(SNN) Lost in the wave of sentiment and sense of loss caused by David Letterman’s final goodbye is another great subtraction from the cultural scene—The CBS Orchestra, formerly the World’s Most Dangerous Band (WMDB).
In case you missed it, Shaffer said he would disband this great band as of the end of the Late Show. I think many figured, as I did, he might take them on at least one lucrative national tour before shutting down their sound.
Not blaming Shaffer, he’s worked as hard—or harder—than Dave over the past 33 years (he didn’t do the morning show). While Letterman has been notoriously self-deprecating about his own talents, he has been unfailingly and non-ironically effusive in his praise of Shaffer and the band. I cannot think of a single instance where Dave has said a discouraging word on air about them. No surprise there, among the things Letterman has most admired over the years, is genuine talent and intelligence. Shaffer and the Boys (and Girl) brought plenty of both.
Of course viewers missed hearing the best of the band—the long interludes played during commercial breaks. So I have an idea: Why not an album or two of the best of those? Be nice to hear the long version of the Late Night theme, too.
It wasn’t by accident that the Rock N’ Roll Hall of fame used Shaffer and his players at their annual induction ceremonies. Not only were Paul and the gang among the most talented musicians in America, they are among the most versatile. They frequently played behind Letterman’s musical guests; blowing the lid off charts they might have first seen and rehearsed that afternoon.
And like a great sports team, they had the advantage of being teammates for a long time and knowing each other’s strengths and preferences.
Bassist (and vocalist) Will Lee is the only musician other than Paul who’s been with the Late Night and Late Show players from day one. But one band member on Dave’s last show goes back even further than Lee, playing in an earlier iteration of Shaffer’s musical merrymakers. Tell you who in a second.
Drummer Anton Fig joined the WMDB in 1986, replacing Steve Jordan. Guitarist Sid McGinnis replaced Hiram Bullock in 1984 on the old show. Fig, McGinnis, Lee and Shaffer have been the core four ever since.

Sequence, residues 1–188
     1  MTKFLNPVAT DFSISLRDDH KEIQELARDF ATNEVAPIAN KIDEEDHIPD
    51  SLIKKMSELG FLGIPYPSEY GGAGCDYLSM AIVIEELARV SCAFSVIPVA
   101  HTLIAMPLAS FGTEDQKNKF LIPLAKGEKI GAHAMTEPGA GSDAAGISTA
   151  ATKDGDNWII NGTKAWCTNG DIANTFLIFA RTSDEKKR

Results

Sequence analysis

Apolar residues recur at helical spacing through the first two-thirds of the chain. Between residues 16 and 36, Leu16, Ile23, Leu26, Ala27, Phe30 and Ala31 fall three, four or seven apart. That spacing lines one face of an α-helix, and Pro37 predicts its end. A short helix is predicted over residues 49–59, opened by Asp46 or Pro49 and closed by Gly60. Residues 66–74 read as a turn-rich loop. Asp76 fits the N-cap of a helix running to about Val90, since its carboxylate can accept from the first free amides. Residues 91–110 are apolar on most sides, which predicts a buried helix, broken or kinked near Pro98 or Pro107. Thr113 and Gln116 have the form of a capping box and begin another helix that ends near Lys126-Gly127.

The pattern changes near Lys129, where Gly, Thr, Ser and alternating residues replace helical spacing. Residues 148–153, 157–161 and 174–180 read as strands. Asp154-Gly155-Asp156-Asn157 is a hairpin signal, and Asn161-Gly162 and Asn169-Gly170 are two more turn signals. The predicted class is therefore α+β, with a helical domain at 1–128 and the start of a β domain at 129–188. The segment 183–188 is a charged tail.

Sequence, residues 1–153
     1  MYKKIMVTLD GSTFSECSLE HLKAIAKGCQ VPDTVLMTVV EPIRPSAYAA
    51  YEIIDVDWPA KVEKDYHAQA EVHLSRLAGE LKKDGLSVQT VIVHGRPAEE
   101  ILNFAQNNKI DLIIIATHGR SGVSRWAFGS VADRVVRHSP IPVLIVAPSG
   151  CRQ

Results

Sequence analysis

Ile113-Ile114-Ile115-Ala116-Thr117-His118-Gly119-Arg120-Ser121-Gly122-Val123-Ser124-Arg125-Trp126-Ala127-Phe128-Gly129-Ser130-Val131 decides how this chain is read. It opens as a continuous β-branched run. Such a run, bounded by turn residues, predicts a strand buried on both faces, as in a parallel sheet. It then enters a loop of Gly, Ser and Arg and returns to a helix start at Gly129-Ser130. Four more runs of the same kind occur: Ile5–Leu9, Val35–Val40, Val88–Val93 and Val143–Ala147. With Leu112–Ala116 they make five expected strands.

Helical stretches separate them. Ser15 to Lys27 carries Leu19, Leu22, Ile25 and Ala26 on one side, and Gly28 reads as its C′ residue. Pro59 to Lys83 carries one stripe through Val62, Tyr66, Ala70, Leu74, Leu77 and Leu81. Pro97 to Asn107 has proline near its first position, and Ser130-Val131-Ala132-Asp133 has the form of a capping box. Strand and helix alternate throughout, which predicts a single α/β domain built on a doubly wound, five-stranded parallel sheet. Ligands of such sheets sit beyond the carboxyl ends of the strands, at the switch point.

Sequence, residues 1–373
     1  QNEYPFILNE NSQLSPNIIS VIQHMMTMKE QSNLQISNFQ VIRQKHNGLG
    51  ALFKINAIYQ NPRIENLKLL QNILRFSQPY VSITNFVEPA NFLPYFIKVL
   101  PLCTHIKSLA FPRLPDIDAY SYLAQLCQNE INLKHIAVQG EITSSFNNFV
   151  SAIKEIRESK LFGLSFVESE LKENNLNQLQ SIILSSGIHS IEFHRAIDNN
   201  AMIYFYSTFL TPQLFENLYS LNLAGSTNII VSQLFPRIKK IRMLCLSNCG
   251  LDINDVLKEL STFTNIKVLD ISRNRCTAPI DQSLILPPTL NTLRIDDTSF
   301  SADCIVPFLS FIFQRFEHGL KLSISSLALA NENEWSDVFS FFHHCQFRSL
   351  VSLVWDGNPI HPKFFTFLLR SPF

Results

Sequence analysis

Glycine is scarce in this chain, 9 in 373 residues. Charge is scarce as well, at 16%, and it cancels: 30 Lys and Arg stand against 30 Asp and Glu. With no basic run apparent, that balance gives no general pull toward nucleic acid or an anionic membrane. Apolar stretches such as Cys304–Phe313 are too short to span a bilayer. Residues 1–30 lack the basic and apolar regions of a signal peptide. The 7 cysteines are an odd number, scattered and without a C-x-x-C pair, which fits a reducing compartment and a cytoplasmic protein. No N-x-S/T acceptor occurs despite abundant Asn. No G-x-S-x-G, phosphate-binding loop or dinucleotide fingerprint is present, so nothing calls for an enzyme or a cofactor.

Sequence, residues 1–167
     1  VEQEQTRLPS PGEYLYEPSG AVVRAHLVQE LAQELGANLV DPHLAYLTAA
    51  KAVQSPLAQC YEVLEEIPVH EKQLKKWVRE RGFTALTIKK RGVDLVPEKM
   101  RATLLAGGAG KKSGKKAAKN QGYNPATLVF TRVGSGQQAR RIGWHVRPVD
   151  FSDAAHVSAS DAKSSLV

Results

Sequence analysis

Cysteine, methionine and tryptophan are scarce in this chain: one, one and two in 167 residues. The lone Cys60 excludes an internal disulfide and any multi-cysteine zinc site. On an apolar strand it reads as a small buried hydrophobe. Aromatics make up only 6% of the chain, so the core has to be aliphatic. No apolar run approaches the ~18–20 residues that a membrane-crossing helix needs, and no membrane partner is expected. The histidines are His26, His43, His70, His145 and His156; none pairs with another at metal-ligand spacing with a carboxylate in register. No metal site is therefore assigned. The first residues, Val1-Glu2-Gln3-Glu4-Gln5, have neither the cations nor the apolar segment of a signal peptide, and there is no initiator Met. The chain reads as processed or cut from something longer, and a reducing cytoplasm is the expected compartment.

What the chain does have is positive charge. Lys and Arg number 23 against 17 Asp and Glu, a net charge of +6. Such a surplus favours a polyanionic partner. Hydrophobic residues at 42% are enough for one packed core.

We're Gonna Need a Bigger Band
True Dave fans recall the band expanded when Letterman went to CBS in 1993. NBC claimed copyright on the “World’s Most Dangerous Band” name and it took a while for Paul to settle on “CBS Orchestra” for the new group.
After a three-month false start with a second keyboardist (Bernie Worrell) at CBS, Paul replaced him with a horn section instead. Perhaps the best-known regular on horn was saxophonist Bruce Kapler, who made a grand entrance each December for the sax solo on Darlene Love’s singing of “Christmas (Baby Please Come Home)”. The better-known sax man, David Sanborn, appeared frequently as a guest.
Another significant add to the new band was, of course, Felicia Collins (1993) who not only provided some excellent ax work, but brought some soulful vocals to the party.
The Long Running Slushpump
The three horns who closed the show were Aaron Heick, who replaced Kapler on sax in 2012, Frank Greene on trumpet, and Tim (Bones) Malone, his Slushpump and his gaudy jacket collection.
Bones is also the answer to our trivia question. He played with Shaffer before Letterman in the NBC’s Saturday Night (later SNL) house band. You can find tons of additional information in Wikipedia and band member’s web sites.
Worry not for the individuals. All are veteran session players to whom many gigs will come in the future. But it is a sad farewell for all of us who remember their many years with Shaffer, and the great music they brought into our homes.
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